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4.1.2. Reform of the CAP
The mechanisms of the common agriculture policy (CAP), set up in 1962, underwent a large-scale reform in 1992 and further reforms in 1999 as part of Agenda 2000 concerning the Commission's proposed strategy for strengthening and enlarging the EU.
The reform is based on:
The chapter on agriculture of the Berlin Agreement, in particular, resulted in a package of Council regulations aimed at adjusting sectors and intervention and support instruments.
These are in addition to the reforms adopted before the Berlin European Council, with regard to the following markets:
Following the changes adopted in 1984 and 1988, the CAP was reformed in 1992 and further reforms were introduced in 1999 as part of Agenda 2000.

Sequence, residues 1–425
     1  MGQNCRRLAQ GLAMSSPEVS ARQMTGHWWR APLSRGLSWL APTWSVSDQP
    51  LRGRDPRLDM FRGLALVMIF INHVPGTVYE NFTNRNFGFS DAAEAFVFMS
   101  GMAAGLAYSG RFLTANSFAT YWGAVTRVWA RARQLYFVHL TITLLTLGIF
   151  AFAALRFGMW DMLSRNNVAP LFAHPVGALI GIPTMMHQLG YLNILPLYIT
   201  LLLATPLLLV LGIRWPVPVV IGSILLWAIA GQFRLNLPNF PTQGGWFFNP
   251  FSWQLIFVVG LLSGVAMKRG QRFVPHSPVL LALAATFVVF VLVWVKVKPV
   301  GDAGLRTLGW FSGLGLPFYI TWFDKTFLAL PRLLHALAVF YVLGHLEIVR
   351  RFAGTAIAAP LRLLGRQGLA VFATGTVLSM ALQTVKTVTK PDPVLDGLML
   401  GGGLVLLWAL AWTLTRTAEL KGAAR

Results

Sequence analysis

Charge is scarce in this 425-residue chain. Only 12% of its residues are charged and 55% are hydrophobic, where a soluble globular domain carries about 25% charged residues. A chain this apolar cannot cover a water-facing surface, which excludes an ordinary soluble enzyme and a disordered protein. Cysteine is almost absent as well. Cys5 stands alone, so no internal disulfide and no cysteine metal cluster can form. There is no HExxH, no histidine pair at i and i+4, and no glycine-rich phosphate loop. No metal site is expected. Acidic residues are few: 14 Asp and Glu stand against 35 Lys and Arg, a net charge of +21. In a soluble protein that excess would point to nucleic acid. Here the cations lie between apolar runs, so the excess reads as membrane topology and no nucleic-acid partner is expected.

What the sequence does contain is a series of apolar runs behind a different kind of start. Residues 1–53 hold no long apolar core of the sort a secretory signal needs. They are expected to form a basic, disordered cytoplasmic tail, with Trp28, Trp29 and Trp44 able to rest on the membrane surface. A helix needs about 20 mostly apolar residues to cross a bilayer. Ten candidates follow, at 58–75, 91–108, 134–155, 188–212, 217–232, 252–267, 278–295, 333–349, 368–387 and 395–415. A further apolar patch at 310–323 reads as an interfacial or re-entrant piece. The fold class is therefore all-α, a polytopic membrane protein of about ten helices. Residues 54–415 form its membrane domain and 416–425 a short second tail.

1. The first CAP adjustments in 1984
The need for changes in the CAP first became apparent in the early 1980s, as a result of the decline in the agricultural sector and the high budgetary cost of the EAGGF and the imbalance between supply and demand in European and international markets. Measures to limit expenditure were adopted in 1984 (introduction of milk quotas and provisions to manage the cereals and wine markets). At the same time the Commission submitted the Green Paper (COM(85)333) in which it underlined the need to adapt the CAP to economic constraints and to seek a better market balance, whilst highlighting the economic and social role played by agriculture.
2. The 1998 decisions
As the action taken had not brought about an improvement in the situation of European agriculture, the Commission submitted new proposals leading to the Council's decisions in February 1988:
3. The 1992 CAP reform